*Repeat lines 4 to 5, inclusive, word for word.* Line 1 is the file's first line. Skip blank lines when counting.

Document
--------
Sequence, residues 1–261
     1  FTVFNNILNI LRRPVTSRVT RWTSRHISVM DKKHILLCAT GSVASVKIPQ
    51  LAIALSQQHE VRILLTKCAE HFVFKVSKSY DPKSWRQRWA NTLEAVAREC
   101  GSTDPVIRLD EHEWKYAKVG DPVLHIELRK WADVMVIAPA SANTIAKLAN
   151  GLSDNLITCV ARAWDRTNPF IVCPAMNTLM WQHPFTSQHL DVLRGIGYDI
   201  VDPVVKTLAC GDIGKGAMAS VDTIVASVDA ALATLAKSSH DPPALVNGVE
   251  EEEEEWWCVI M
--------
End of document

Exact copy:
   101  GSTDPVIRLD EHEWKYAKVG DPVLHIELRK WADVMVIAPA SANTIAKLAN
   151  GLSDNLITCV ARAWDRTNPF IVCPAMNTLM WQHPFTSQHL DVLRGIGYDI